A couple of weeks ago the folks at Carbon Black discovered a new Ransomware strain that they dubbed “PowerWare”. What makes PowerWare interesting is its ability to encrypt files using the Windows PowerShell scripting language. Unlike other Ransomware, Powerware doesn’t need to install a binary on the infected machine. When enabled, Macros inside a weaponized document file silently extract and run the malicious PowerShell script.
PowerWare’s uniqueness pretty much ends there however. While likely to cause problems for unsophisticated users, PowerWare seems to be the work of amateur hackers. What’s even more interesting is that some of the claims made by PowerWare are completely false.
- The HTML code for the ransom notice is actually a direct copy/paste from another ransomware malware called CryptoWall (a much more powerful ransomware trojan).
- The ransom note claims to use RSA 2048 encryption (like other advanced ransomware) but in reality PowerWare uses a symmetric AES 256 bit cipher, which is relatively easier to break.
- PowerWare encrypts only the first two kilobytes of each file. A large part of the files, especially in case of text files, can be retrieved very easily.
- Unlike other ransomware, it doesn’t delete the Windows backup shadow copies, so files can be restored without paying the attackers.
- Their is no safe guard to ensure that the malware doesn’t encrypt the same file twice.
- No obfuscation is used to hide the code.
Ransom note used by PowerWare.
Ransom note used by CryptoWall
The only difference between two notes is the different TOR gateways and, in case of PowerWare, the note doesn’t mention the word CryptoWall. The borrowed HTML code for the ransom note is embedded inside the PowerShell script in the form of a base64 encoded string.
Asymmetric or public-key encryption schemes like RSA rely on two different keys to perform encryption and decryption. The private key is needed only for decryption and doesn’t ever need to be exposed.
By comparison AES is a symmetric or single-key encryption scheme where the same key is used both for the encryption and decryption. What this means is that the key that PowerWare generates to encrypt files needs to be communicated back to a C&C server to build the decryption tool. If one is able to intercept this key while it’s being communicated back to the C&C server, there is no need to pay any ransom (since the same key is used to reverse the encryption process).
The encryption algorithm (Key Generation to Actual Encryption) is visible in plain text inside the PowerShell script. Here is the how the encryption process works:
PowerWare uses 256 bit AES encryption that requires the key size to be 32 bytes. The 32 byte key is generated at runtime and is a function of 2 variables and a constant: a 50 bytes long password string, a 20 bytes long salt string and the number of iterations (fixed at 5).
50 Random bytes are generated at runtime between ASCII ranges 48 – 57 , 65 – 90 and 97 – 122. These numbers are converted to their character representation in order to form a password string.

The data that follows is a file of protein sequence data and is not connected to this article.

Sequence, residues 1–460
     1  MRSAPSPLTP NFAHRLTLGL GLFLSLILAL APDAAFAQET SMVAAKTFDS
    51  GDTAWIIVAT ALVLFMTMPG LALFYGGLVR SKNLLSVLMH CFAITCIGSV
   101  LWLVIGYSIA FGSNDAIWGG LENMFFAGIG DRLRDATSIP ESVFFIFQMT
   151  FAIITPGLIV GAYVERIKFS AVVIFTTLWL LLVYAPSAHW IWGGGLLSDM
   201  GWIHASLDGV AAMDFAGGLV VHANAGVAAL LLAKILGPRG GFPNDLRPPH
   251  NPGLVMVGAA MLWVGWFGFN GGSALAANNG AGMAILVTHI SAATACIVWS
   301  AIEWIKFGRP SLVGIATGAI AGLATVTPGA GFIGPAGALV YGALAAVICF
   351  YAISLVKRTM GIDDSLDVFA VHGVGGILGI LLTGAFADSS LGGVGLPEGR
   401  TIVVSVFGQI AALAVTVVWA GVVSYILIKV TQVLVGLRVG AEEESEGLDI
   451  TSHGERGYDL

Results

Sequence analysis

20 Random bytes are generated at runtime between ASCII ranges 48 – 57 , 65 – 90 and 97 – 122. Like the password, these numbers are converted to their character representation in order to form the salt string.
32 bytes key generation is achieved through the ‘Rfc2898DeriveBytes’ class that Implements PBKDF2 password-based key derivation, using a pseudo-random number generator based on HMACSHA1.
The salt and password are both sent back to the C&C server using a plain text HTTP POST request.
where string=password and string2=salt.
The C&C server will use both of these strings to generate the original key (using Rfc2898DeriveBytes) needed to build the decrypter tool for this unique/particular machine.
A 25 characters long ‘uuid’ string is also sent to C&C server as unique machine identification. This uuid is used by the attackers to locate the password/salt pair for a particular machine.
- The fixed string “alle” is converted into bytes
- A SHA1 hash is computed from the converted bytes
16 bytes of the computed SHA1 hash are then used as the Initialization Vector.
Encryption scheme used by PowerWare is based on the ‘Rijndael’ method encapsulated in the “System.Security.Cryptography.RijndaelManaged” class. The ‘Rijndael’ mode of operation sets the ‘CBC’. Additional padding is set to zeros (which as a matter of fact is unnecessary because PowerWare just encrypts first 2k byte block of a file that is a multiple of 32 bytes key size).
Recovering from PowerWare
Use your Windows shadow copies to recover files before paying any ransom. This article provides some details on files recovery through shadow copies.
If your organization is running a full packet capture solution, you can easily retrieve the password and salt from the http packet. If you are unsure about how to construct the decryption algorithm, send us an email and we can send you a Decrypter tool for free.
PowerWare’s greatest vulnerability is its use of PowerShell scripting. The life of a Crimeware is dependent on its ability to morph using so called polymorphic code. Once a malware is caught the first time, the element of surprise is over. In order to evade security products again malware must change its behavior and shape quickly. But the problem is Introducing obfuscation in a power shell based script is not an easy task. Third party PowerShell obfuscation tools are pretty much non-existent at the moment. That will force guys behind PowerWare to manually change the code prior to their next attack, that judging based on their coding skills seems unlikely. It is more likely that the bad actors behind PowerWare will soon revert back to mainstream binary obfuscation methods where third party hacking tools (FUD toolkits) can obfuscate their binary payload on the fly, enabling them to evade current signature and sandbox based detection systems again and again.